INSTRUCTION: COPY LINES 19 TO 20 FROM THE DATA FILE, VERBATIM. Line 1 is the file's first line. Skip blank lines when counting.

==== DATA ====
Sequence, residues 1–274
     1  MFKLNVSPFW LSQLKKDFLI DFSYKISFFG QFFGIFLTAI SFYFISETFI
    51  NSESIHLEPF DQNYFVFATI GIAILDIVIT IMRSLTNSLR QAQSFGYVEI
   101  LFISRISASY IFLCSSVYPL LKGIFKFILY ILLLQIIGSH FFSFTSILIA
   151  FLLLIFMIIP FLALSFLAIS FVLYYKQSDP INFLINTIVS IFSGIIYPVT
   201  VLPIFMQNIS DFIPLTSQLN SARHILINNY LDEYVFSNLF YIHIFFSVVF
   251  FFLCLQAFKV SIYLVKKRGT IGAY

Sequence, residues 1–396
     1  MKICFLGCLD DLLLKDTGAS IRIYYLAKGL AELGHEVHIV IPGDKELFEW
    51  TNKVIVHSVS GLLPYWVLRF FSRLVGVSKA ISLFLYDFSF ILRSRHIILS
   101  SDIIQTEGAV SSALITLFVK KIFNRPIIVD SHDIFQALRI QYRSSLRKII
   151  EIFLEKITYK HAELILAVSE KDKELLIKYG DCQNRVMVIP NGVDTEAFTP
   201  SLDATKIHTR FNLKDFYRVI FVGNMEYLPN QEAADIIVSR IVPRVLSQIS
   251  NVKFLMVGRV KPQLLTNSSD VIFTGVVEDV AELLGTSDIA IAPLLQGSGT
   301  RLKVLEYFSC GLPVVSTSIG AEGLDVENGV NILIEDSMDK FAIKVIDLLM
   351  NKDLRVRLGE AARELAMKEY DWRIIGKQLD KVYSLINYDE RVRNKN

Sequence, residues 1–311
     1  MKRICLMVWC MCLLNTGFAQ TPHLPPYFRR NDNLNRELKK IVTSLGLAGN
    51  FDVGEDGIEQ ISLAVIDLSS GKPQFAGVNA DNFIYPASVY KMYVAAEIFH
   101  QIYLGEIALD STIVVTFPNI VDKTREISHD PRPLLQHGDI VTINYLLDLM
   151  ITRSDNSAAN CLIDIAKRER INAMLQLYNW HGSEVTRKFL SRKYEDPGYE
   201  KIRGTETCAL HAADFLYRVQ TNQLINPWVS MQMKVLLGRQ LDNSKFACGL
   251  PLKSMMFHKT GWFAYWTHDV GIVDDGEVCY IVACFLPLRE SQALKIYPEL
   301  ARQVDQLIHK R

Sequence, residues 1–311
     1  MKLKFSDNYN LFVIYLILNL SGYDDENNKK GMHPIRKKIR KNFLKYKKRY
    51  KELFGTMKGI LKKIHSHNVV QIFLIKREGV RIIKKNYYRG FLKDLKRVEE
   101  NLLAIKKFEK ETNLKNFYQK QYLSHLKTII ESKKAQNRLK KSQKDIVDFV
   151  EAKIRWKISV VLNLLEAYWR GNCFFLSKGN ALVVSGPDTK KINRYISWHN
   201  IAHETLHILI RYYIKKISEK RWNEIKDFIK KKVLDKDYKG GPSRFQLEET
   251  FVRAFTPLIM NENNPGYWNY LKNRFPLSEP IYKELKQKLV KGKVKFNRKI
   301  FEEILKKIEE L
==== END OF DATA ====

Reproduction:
    51  FDVGEDGIEQ ISLAVIDLSS GKPQFAGVNA DNFIYPASVY KMYVAAEIFH
   101  QIYLGEIALD STIVVTFPNI VDKTREISHD PRPLLQHGDI VTINYLLDLM